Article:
Ed Mandy was like many South Dakota School of Mines & Technology alumni; he loved the Black Hills, but the opportunities available for a software engineer in the late 90s in Rapid City were slim to none. Off to Minneapolis he went, where he worked for a corporation and started his family.
“My story isn’t much different from a majority of the people I graduated with,” said Mandy. “There was only a handful of my class that actually had the chance, or even thought they had the opportunity, to stay in Rapid City.”
Years later, Mandy took the opportunity to work remotely for a company based in Hong Kong, China and relocate his family to the community of his alma mater. At the same time, his brother-in-law – Andrew Pavek – was ready for something new as the company he was with closed their doors. Working together on DIY gaming systems as a hobby, the two saw the chance to launch their own business in the spring of 2014.
7400 Circuits is known for their contract work with companies wanting to outsource software and electrical engineering projects and tasks – specifically, those related to circuit boards. During an open house at Ascent Innovation, the business duo was introduced to an incubator setting and it was an obvious solution to the startup of their new technology-focused venture. A successful kickstarter campaign in 2017 moved 7400 Circuits forward at full speed.
“Over the years, we’ve been able to collaborate with several businesses in the surrounding area, some of which are currently in Ascent Innovation or are previous tenants,” said Pavek.
From creating circuit board designs for 3D printers to tackling software programs for various companies (throughout a variety of industries), 7400 Circuits was ready to launch the next step in their business venture: gaming.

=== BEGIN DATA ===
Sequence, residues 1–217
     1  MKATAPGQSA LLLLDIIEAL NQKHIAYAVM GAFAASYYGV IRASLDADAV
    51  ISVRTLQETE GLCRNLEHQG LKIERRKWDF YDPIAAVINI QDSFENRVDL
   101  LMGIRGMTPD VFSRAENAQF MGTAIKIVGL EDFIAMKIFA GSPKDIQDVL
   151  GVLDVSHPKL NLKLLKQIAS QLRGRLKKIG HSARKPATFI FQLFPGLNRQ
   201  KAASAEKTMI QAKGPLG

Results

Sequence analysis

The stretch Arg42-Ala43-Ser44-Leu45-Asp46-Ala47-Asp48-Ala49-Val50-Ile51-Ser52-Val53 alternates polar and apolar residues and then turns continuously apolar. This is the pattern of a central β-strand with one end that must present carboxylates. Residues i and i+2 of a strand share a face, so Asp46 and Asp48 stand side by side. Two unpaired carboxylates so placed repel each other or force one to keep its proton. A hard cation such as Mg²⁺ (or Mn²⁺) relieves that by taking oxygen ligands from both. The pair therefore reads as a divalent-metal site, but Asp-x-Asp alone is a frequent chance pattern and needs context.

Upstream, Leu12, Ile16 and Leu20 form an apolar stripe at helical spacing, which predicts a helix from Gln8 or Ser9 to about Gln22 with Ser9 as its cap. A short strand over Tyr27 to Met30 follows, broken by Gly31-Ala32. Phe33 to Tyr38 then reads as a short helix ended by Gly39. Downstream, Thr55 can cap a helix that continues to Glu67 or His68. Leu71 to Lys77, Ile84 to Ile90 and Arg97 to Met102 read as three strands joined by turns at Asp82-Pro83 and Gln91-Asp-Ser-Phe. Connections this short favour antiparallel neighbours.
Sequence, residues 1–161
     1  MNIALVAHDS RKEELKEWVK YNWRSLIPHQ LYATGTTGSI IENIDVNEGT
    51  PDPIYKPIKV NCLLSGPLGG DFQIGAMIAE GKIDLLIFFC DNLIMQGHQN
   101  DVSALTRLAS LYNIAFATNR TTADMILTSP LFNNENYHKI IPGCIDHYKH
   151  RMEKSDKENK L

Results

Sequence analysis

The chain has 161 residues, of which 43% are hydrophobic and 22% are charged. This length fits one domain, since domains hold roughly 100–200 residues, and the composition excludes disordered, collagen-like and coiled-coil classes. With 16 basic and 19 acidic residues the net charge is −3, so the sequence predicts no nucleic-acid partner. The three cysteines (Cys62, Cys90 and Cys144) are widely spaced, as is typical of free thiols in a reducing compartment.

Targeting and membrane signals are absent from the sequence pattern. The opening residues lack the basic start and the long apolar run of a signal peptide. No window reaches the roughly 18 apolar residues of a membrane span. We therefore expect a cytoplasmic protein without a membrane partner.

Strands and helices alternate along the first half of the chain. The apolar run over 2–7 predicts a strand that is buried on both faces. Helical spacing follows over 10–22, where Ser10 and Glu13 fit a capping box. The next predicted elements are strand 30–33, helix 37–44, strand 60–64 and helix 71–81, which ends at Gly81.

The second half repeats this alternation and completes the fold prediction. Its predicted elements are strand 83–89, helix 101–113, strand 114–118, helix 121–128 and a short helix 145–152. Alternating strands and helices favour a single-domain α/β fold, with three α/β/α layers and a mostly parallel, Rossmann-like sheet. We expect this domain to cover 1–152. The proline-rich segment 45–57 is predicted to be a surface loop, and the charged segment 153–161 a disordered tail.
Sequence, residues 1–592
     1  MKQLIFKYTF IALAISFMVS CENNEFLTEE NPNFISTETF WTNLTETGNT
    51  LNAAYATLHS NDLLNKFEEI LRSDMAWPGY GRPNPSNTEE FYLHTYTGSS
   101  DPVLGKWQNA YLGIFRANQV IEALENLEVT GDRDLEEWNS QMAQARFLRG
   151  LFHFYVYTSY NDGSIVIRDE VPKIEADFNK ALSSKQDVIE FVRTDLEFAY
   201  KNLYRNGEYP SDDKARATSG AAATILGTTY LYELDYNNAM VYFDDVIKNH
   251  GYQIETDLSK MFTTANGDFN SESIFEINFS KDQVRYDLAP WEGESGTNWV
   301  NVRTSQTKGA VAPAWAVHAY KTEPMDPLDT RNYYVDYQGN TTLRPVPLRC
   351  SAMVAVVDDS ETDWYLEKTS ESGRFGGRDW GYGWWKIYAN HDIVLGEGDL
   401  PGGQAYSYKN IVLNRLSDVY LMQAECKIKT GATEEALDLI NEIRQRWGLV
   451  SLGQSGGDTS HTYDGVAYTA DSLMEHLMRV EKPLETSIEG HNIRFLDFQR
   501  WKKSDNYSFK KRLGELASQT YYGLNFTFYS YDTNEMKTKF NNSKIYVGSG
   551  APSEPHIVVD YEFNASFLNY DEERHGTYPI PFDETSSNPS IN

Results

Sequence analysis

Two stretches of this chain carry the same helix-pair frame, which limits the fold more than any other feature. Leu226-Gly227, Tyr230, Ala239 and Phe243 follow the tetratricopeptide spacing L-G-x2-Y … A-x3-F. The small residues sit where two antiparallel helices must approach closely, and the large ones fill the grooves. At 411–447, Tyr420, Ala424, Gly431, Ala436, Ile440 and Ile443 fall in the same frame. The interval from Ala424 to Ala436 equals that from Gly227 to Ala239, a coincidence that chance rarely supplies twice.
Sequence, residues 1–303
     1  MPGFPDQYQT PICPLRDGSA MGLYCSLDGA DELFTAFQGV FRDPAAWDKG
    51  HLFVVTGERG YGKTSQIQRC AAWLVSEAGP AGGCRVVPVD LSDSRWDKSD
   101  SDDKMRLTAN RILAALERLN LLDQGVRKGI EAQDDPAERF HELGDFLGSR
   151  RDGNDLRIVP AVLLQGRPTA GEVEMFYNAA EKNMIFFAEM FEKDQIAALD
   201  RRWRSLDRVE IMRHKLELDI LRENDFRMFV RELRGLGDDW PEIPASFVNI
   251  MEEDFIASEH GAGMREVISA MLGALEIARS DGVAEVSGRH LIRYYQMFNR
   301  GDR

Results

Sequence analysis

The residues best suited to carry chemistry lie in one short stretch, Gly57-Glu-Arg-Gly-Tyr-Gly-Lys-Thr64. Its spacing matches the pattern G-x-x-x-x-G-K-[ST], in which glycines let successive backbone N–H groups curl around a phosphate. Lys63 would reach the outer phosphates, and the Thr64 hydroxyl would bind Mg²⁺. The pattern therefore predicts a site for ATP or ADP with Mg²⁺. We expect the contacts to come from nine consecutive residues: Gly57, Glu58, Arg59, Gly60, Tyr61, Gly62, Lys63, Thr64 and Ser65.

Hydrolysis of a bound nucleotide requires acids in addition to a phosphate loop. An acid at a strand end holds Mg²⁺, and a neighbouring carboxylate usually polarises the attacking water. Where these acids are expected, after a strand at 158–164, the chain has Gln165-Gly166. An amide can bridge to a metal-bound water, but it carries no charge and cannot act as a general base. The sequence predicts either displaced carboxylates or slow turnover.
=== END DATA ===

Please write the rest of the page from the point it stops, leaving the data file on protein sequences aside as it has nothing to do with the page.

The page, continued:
Mandy dabbled in a DIY hobby of retro gaming systems for years, but when the demand for his systems increased, a product line from 7400 Circuits emerged under the name Freeplay Tech. A custom circuit board and DIY kit is created to fit into the shell of any Gameboy Advance system, giving a vintage look to a modern computer.
“When I graduated, I thought my only option was to move somewhere else; I didn’t even think about starting my own company,” said Mandy. “Now, with the growth of Ascent Innovation, we are excited for a shift in the view of technology in Rapid City and the opportunities visible to students in our area.”
From humble beginnings in a 100-square-foot office space at Ascent Innovation, 7400 Circuits has expanded to a larger 850-square foot office, adding machinery and interns and establishing new goals. It’s clear that the future is looking bright for this niche-focused company.
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